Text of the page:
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06-06-2011 | Mental health | Article

BD I patients and their relatives show maladaptive emotion regulation strategies

Abstract

Free abstract

MedWire News: Patients with bipolar I disorder (BD I) and their unaffected relatives exhibit more frequent use of maladaptive emotion regulation strategies compared with mentally healthy individuals without such a family history, research shows.

"Emotion regulation includes flexible cognitive strategies employed to increase, maintain, or decrease the physiological and/or behavioural components of an emotional response," explain Melissa Green (St Vincent's Hospital, Darlinghurst, New South Wales, Australia) and colleagues.

They add that previous studies have found "increased use of the maladaptive strategies (self-blame, rumination, and catastrophizing) alongside decreased use of positive reappraisal in association with clinical and sub-clinical depressive symptomatology."

For the current study, the team investigated whether the increased use of such strategies is evident in bipolar disorder patients and their unaffected relatives.

The researchers used the Cognitive Emotion Regulation Questionnaire (CERQ), the Depression Anxiety Stress Scales (DASS), and the Hypomanic Personality Scale (HPS) to assess 105 patients with BD-I, 124 of their unaffected relatives, and 63 mentally healthy controls without a history of DSM-IV Axis 1 disorders or psychosis in first-degree biological relatives.

They found that BD I patients had significantly higher DASS scores than unaffected relatives and controls for depression (11.95 vs 4.73 and 2.71, respectively), anxiety (8.09 vs 3.63 and 2.40, respectively) and stress (12.55 vs 8.84 and 5.76, respectively). The differences in scores between unaffected relatives and controls were also significant.

BD I patients also had higher scores on the HPS than unaffected relatives and controls, at 15.84 versus 6.94 and 6.67, respectively.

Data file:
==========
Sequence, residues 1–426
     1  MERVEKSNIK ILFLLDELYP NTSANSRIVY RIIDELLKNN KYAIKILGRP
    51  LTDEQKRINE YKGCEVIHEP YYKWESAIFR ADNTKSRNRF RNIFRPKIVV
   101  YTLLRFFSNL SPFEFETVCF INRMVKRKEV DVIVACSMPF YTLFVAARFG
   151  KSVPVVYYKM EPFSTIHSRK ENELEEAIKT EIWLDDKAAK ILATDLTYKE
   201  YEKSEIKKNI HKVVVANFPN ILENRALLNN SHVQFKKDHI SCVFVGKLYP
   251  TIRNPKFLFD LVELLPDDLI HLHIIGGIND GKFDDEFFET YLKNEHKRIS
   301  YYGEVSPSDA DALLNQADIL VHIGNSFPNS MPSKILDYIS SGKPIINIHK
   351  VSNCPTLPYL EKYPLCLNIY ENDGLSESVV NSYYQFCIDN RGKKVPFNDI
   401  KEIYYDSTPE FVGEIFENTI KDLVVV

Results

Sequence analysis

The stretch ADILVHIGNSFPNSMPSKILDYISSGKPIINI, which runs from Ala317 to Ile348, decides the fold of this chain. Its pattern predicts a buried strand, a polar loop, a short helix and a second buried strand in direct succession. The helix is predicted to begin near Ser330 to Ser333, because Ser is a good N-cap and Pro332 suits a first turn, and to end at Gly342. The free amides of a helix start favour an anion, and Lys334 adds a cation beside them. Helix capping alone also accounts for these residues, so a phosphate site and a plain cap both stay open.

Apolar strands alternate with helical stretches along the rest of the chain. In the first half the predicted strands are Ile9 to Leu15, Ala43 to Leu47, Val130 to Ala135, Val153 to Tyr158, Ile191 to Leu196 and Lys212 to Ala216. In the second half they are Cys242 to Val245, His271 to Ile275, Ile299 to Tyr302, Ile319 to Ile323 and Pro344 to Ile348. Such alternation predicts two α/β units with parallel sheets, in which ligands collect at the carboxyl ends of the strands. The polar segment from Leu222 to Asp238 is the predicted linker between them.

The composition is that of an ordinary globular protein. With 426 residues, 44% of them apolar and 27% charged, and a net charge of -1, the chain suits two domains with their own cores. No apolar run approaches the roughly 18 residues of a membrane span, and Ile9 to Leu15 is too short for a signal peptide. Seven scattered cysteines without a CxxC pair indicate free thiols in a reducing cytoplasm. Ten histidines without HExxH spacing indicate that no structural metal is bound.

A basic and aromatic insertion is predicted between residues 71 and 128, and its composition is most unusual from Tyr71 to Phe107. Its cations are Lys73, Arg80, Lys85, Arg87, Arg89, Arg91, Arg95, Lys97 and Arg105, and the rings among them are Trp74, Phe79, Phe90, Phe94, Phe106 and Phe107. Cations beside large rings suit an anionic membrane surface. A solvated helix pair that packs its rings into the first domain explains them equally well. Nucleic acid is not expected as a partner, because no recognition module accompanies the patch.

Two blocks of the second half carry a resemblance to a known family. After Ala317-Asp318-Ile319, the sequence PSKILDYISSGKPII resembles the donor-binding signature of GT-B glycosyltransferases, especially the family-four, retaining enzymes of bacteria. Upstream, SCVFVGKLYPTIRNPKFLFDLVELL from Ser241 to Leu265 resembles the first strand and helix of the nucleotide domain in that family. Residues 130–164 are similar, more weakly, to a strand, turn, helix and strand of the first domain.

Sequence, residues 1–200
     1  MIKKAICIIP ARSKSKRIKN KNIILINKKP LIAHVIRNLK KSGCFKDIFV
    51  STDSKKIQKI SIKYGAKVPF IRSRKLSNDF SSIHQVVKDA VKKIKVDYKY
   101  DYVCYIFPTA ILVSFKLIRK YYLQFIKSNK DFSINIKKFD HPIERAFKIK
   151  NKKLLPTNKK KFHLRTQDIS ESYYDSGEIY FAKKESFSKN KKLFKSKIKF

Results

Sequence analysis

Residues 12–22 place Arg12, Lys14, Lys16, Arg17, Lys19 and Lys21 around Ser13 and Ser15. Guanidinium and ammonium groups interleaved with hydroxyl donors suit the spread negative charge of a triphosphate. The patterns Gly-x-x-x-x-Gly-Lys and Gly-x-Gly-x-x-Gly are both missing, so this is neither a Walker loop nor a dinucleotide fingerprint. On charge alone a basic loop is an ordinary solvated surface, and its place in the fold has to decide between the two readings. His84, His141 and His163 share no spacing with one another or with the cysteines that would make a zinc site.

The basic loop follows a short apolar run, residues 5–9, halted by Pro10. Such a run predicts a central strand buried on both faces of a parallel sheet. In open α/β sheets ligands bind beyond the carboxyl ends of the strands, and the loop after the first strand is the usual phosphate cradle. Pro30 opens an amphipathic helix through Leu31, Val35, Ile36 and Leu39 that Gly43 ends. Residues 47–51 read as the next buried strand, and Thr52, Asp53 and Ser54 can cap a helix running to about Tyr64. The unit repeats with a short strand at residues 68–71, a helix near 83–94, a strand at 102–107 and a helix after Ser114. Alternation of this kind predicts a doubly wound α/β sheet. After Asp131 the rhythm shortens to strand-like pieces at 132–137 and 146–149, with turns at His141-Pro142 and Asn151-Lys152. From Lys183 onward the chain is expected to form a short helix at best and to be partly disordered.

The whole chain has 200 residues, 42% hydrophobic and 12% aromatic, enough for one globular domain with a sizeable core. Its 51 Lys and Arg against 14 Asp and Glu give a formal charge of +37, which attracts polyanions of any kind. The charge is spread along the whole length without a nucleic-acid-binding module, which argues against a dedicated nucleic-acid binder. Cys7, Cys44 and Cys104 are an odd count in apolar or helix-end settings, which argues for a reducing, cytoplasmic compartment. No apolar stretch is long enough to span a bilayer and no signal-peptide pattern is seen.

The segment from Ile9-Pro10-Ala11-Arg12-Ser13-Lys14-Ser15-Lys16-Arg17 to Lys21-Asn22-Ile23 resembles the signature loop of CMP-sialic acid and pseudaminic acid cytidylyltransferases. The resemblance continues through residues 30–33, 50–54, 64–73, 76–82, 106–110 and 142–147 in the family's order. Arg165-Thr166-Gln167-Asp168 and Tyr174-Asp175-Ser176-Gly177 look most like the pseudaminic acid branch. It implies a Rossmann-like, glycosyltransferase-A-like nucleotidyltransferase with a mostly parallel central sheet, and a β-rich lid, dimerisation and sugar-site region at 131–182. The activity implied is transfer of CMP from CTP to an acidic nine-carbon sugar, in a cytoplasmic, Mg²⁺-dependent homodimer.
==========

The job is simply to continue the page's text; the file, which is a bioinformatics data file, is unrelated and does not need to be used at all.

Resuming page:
Patients with BD I reported more frequent use of rumination, catastrophizing, and self-blame than unaffected relatives and controls, with corresponding CERQ subscale scores of 12.78 versus 10.48 and 9.43, 9.20 versus 7.44 and 6.81, and 11.20 versus 9.81 and 8.63, respectively. The differences in scores between unaffected relatives and controls were significant for rumination and self-blame.

In addition, BD I patients scored lower than unaffected relatives on the CERQ subscale of "putting into perspective" in response to negative life events, with scores of 12.80 versus 14.34.

In BD I patients, more frequent use of rumination was associated with increased DASS and HPS scores. In unaffected relatives, more frequent use of catastrophizing and self-blame was associated with increased DASS and HPS scores.

In all participants, less frequent use of adaptive cognitive reframing strategies, such as "putting into perspective," was associated with increased DASS scores.

Green and team conclude: "Both BD I and unaffected relatives reported more frequent use of maladaptive regulatory strategies previously associated with depression.

"Emotion regulation strategies of catastrophizing, self-blame, and cognitive reframing techniques may be associated with vulnerability for mood disorders, with the latter active within the general population regardless of biological vulnerability to disorder."

MedWire (www.medwire-news.md) is an independent clinical news service provided by Springer Healthcare Limited. © Springer Healthcare Ltd; 2011

By Mark Cowen

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